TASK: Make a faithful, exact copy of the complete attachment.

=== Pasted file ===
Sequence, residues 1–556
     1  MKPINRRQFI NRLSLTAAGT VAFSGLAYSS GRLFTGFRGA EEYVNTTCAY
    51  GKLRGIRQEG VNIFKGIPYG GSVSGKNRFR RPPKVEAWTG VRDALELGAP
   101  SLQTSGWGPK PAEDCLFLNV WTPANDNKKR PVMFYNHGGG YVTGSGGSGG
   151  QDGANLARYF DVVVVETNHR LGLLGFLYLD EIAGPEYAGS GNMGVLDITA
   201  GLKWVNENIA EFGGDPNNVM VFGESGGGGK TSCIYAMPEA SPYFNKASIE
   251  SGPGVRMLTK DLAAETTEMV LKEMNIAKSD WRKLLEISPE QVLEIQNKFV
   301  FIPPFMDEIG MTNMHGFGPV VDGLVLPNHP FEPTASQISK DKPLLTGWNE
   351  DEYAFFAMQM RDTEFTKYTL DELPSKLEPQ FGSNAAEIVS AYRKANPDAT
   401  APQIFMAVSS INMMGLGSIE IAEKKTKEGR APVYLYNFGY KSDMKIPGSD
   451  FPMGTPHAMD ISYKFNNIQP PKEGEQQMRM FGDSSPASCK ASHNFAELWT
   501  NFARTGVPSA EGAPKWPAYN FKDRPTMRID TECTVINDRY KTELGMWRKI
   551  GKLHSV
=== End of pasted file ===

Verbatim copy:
Sequence, residues 1–556
     1  MKPINRRQFI NRLSLTAAGT VAFSGLAYSS GRLFTGFRGA EEYVNTTCAY
    51  GKLRGIRQEG VNIFKGIPYG GSVSGKNRFR RPPKVEAWTG VRDALELGAP
   101  SLQTSGWGPK PAEDCLFLNV WTPANDNKKR PVMFYNHGGG YVTGSGGSGG
   151  QDGANLARYF DVVVVETNHR LGLLGFLYLD EIAGPEYAGS GNMGVLDITA
   201  GLKWVNENIA EFGGDPNNVM VFGESGGGGK TSCIYAMPEA SPYFNKASIE
   251  SGPGVRMLTK DLAAETTEMV LKEMNIAKSD WRKLLEISPE QVLEIQNKFV
   301  FIPPFMDEIG MTNMHGFGPV VDGLVLPNHP FEPTASQISK DKPLLTGWNE
   351  DEYAFFAMQM RDTEFTKYTL DELPSKLEPQ FGSNAAEIVS AYRKANPDAT
   401  APQIFMAVSS INMMGLGSIE IAEKKTKEGR APVYLYNFGY KSDMKIPGSD
   451  FPMGTPHAMD ISYKFNNIQP PKEGEQQMRM FGDSSPASCK ASHNFAELWT
   501  NFARTGVPSA EGAPKWPAYN FKDRPTMRID TECTVINDRY KTELGMWRKI
   551  GKLHSV